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April 25, 2014

Women who lie on backs after AI have higher chance of pregnancy – research

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Women who lie on their backs for 15 minutes after artificial insemination have a ‘significantly higher’ chance of getting pregnant than those who move around straight after treatment.
Dutch researchers are now calling for all women undergoing intrauterine insemination to be offered 15 minutes of immobilisation after the procedure.


Writing in the BMJ (http://www.bmj.com/cgi/doi/10.1136/bmj.b4080), the authors, led by Dr Inge Custers from the Academic Medical Centre in Amsterdam, found that the ongoing pregnancy rate was significantly higher in the immobilisation group: 27 per cent (54) v 18 per cent (34).
Intrauterine insemination with or without ovarian hyperstimulation is one of the most common methods of fertility treatment provided globally. While some small-scale studies have investigated links between immobilisation and the success of intrauterine insemination, this is the first large-scale trial to do so.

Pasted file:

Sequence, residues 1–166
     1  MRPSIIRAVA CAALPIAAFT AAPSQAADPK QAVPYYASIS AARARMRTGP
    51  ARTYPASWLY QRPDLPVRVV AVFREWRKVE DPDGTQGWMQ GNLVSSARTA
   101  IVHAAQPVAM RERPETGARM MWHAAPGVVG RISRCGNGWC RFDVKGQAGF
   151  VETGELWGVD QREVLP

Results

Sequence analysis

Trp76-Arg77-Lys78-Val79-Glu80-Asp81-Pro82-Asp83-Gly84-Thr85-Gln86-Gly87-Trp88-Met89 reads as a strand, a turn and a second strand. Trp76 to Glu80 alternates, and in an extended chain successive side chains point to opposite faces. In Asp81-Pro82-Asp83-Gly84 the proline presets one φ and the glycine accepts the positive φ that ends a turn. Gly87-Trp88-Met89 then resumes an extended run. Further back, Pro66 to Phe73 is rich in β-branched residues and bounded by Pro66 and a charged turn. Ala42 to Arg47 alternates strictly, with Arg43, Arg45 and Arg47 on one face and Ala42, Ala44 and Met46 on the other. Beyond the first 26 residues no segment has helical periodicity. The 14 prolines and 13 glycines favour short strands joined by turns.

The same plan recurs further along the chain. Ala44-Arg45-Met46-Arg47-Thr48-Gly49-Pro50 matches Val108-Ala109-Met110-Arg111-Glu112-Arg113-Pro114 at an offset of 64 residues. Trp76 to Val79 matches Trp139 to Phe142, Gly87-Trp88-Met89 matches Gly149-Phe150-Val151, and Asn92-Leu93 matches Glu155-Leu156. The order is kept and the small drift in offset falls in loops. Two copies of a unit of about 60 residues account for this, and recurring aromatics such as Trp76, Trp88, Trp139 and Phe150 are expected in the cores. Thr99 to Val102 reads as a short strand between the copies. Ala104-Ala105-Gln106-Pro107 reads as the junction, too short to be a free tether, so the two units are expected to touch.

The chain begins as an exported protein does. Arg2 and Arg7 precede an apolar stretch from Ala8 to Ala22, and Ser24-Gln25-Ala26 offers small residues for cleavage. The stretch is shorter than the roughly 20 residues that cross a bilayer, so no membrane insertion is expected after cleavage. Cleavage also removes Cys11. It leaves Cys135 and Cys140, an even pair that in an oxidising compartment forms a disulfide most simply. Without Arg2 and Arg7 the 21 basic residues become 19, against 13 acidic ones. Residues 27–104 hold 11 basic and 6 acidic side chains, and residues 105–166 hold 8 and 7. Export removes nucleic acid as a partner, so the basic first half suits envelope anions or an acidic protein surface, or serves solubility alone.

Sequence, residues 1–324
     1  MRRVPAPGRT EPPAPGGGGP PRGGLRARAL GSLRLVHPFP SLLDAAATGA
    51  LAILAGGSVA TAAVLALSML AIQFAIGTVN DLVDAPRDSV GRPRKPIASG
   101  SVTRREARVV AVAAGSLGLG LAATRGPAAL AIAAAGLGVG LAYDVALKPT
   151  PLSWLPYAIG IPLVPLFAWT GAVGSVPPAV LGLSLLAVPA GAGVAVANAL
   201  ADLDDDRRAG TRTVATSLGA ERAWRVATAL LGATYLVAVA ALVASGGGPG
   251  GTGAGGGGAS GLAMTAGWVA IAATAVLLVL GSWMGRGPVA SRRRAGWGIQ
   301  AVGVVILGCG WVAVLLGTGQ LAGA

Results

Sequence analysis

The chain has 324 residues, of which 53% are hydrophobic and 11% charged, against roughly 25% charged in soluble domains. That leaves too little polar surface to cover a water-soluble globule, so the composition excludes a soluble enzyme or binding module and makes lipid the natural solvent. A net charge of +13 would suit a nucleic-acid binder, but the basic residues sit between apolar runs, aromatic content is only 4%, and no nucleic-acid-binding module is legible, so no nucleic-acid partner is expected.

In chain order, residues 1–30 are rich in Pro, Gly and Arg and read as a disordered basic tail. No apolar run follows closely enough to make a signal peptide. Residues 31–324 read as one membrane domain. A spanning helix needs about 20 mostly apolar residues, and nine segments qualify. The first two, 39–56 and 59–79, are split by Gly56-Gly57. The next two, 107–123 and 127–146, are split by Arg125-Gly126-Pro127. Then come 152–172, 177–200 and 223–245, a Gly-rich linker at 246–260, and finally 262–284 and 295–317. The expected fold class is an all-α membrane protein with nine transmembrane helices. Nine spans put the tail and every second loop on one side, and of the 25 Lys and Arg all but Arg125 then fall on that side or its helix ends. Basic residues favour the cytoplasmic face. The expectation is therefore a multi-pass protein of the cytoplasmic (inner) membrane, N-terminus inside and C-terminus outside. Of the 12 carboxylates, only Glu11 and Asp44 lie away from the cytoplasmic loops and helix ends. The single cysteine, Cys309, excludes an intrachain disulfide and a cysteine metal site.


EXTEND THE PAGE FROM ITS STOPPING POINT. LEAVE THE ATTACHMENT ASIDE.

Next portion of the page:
“Although immobilisation takes more time and occupies more space in busy rooms, the intervention will be economic in the long run, as pregnant patients will not return in subsequent cycles,” commented Dr Custers.
The mechanism of the effect of immobilisation after insemination is unclear. The researchers explained that after coitus, spermatozoa enter the cervix through the cervical mucus into the uterus, leaving the seminal plasma behind in the vagina.
In intrauterine insemination, spermatozoa are inseminated in a small volume of fluid directly into the uterus. “As a consequence, immediate mobilisation might cause leakage of this volume together with spermatozoa out of the uterus; alternatively, movement of processed sperm to and up the fallopian tubes may take longer than after intercourse,” they suggested.
In an accompanying editorial, Prof William Ledger from the University of Sheffield said that while Custers’ research showed promise, further studies were needed.
He suggested that units should carry out their own evaluation to test the hypothesis in the ‘real world’ and that “if successful, more couples could be spared the rigorous and costly process of in vitro fertilisation.”